I think some people think movie critics are snobs.
And some are, but I don't think that, per capita, there are more snobs among the film reviewing community than in the general population. Most people I know who write about the movies regularly do so because they are enthusiastic about movies in general, and that most of them can appreciate a good B-movie. On Facebook last week, a movie enthusiast friend of mine posted about one of his favorite films, "Out of Africa," noting that it was what I called "a good middlebrow film," which were his favorite kind.
I don't disagree. There are movies that aspire to fine art and some of them succeed, but by and large these films don't crease the popular consciousness. An unabashed commercialism informs the best Hollywood movies -- they are business ventures, not art projects -- and their prime directive is to entertain. The only fair way to judge them is by how they engage you, and the least interesting part of any review is the verdict. No one sees the same movie; what a good film critic does is get readers thinking about the way they think about movies. It's not about what's better or best or drawing up hierarchical lists, mm-kay?
I love Eric Rohmer and Sam Fuller; "Valley Girl" and "Hiroshima, Mon Amour." But I hope I never take any of these movies too seriously -- it's all make-believe and it's all purpose-built to turn a profit for the venture group behind the production, which may or may not include the genuine artists employed by the production.
Anyway, you can respect that the writers, actors and directors are serious about their work without falling for Hollywood's self-aggrandizing myth mongering. You can find a way to call something what it is.
And what "The Gateway" is is a stylish little B-movie with a great cast. In other (nonpandemic) circumstances, it might have found its way to the big screen and appreciative audiences, but like most productions of similar scale these days it's going direct to video today, with a DVD release next week. And I would say that's a pity only I'm not sure we ought to continue to privilege theatrical release for movies of this scale. While every movie would benefit from the big screen treatment, "The Gateway" can safely be experienced at home.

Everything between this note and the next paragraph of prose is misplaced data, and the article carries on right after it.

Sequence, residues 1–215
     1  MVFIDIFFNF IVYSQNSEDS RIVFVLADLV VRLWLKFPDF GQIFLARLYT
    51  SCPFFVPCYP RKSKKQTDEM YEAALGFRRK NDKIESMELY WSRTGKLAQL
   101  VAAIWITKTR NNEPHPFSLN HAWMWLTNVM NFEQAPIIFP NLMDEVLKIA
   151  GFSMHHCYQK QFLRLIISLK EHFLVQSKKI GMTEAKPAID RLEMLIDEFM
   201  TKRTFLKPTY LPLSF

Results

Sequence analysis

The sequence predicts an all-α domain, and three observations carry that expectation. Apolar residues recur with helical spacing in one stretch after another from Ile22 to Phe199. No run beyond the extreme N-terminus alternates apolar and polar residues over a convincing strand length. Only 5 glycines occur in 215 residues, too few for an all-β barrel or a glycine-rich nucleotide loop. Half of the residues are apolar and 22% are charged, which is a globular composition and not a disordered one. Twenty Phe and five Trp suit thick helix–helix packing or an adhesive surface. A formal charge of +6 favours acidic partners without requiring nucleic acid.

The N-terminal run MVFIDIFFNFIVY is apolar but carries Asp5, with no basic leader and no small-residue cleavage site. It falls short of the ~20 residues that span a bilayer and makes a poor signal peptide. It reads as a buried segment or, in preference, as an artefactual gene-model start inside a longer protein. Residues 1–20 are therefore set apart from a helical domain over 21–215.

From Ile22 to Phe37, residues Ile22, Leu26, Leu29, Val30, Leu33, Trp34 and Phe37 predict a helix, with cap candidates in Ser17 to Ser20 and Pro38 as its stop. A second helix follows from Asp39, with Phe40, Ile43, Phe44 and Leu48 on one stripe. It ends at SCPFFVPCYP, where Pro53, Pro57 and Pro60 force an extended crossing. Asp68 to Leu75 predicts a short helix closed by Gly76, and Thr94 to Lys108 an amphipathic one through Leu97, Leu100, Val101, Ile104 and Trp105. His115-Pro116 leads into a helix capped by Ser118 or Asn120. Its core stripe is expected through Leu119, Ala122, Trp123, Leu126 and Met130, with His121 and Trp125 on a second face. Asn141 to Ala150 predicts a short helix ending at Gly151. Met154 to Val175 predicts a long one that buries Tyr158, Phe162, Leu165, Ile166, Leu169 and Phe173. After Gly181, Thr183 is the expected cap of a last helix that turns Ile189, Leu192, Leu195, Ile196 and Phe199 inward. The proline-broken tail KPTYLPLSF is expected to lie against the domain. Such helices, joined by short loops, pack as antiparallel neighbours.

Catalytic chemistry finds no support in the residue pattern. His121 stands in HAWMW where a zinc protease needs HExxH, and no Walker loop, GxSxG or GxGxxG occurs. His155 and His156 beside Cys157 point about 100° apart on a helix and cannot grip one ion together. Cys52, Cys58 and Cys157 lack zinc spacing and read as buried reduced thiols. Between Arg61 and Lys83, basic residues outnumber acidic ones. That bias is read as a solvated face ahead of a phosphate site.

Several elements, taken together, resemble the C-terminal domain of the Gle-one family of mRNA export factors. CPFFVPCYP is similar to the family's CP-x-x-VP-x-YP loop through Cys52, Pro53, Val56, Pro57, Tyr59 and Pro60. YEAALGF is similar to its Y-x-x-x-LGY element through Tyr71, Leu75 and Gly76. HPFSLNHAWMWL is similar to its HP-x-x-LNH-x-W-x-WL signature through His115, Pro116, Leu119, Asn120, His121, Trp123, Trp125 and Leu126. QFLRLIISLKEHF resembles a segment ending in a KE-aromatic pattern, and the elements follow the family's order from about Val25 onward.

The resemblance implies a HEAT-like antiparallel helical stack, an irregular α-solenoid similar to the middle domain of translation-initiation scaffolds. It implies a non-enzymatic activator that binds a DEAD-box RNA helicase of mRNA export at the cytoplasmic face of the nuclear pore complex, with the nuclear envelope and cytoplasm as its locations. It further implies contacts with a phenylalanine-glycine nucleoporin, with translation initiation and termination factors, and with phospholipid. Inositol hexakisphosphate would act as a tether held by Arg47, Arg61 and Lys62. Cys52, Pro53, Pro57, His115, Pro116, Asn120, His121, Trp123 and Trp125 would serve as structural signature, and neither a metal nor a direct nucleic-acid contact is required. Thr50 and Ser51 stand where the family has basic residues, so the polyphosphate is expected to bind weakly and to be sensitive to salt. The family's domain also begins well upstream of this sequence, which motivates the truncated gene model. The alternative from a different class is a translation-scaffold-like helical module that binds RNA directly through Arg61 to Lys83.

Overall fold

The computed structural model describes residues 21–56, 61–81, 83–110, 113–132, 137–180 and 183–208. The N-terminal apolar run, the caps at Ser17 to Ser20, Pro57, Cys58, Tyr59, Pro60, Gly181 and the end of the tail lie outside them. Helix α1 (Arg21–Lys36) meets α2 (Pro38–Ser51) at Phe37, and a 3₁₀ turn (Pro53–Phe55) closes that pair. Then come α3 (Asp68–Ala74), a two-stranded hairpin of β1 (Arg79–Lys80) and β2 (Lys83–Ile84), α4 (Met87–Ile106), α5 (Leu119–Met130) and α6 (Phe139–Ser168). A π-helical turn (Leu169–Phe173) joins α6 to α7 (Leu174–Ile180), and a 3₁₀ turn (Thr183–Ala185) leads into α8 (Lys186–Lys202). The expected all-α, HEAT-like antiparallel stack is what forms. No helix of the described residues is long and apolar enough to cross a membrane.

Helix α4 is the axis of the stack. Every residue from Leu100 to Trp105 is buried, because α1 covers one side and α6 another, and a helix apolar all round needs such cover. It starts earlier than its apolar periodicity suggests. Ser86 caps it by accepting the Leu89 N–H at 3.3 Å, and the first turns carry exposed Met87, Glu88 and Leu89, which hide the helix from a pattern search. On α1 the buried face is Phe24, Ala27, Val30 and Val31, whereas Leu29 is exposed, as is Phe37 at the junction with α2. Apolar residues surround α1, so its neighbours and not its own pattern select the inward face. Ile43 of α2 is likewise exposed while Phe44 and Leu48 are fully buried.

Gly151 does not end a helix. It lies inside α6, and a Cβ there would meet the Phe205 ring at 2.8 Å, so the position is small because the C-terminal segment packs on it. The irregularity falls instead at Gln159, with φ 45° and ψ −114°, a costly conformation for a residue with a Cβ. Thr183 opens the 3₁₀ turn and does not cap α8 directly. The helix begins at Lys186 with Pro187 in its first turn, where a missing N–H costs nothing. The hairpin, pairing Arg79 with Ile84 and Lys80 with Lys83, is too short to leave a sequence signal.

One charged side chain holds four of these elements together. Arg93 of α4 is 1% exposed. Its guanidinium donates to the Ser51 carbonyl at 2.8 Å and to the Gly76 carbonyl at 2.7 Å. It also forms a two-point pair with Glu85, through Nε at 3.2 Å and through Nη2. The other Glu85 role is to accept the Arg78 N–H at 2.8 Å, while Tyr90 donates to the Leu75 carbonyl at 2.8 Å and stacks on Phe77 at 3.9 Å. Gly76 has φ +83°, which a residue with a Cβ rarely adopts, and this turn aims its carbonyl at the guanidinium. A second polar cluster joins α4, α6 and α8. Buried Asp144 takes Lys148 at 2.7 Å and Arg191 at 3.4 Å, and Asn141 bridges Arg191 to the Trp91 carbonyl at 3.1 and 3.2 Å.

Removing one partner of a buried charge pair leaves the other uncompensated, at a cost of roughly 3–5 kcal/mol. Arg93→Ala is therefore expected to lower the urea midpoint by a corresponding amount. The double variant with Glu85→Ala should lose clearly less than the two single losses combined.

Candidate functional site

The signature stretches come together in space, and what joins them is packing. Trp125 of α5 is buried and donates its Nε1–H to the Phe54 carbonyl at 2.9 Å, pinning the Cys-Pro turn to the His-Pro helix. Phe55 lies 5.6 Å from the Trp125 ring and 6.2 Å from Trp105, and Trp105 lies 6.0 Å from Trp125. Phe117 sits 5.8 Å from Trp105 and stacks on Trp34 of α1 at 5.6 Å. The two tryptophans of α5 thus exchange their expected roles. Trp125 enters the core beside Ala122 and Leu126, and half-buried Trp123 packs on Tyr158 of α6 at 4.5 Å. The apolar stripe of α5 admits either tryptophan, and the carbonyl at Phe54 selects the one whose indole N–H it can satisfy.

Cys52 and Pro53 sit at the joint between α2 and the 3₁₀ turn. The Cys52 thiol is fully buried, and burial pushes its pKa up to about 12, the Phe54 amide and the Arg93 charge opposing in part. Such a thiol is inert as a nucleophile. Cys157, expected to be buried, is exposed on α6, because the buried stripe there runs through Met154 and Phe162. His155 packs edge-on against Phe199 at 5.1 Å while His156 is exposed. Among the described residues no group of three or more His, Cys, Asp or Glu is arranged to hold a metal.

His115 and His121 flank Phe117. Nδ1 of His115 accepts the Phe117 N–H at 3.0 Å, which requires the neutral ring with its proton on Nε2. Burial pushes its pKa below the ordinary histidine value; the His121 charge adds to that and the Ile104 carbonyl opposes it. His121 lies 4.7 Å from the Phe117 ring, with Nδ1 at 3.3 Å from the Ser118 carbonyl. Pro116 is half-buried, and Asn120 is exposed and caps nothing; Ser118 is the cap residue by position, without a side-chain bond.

It stars Shea Whigham ("Boardwalk Empire," "True Detective") as Parker, a former boxer turned a social worker who stumbles into a dangerous domestic situation involving a hard-partying blackjack dealer (Olivia Munn), her abusive ex-con husband (Zach Avery) who's connected to a local mob boss (Frank Grillo). The excellent cast is rounded out by Mark Boone Junior as the owner of Parker's favorite tavern, Taryn Manning as the bar fly Parker hooks up with and the immense Bruce Dern as the abusive father to whom Parker has to re-connect to figure out the world and his place in it.
While "The Gateway" script was much heralded -- it made Hollywood executive Franklin Leonard's annual "Black List" survey of "most-liked" unproduced screenplays in 2013 -- what really makes the movie work is the chemistry of the cast and director Michele Civetta's sleekly self-aware look. It's a fun tough guy movie, the spiritual heir to neo-noir films like Brian De Palma's "Body Double" and Lawrence Kasdan's "Body Heat."
We'll have more on this later, but the Arkansas Cinema Society has announced that its annual Filmland event will return to downtown Little Rock with a "hybrid event" with a drive-in taking place at MacArthur Park, Sept. 30-Oct. 3. Food trucks will be available each night. More information about Filmland can be found at arkansascinemasociety.org.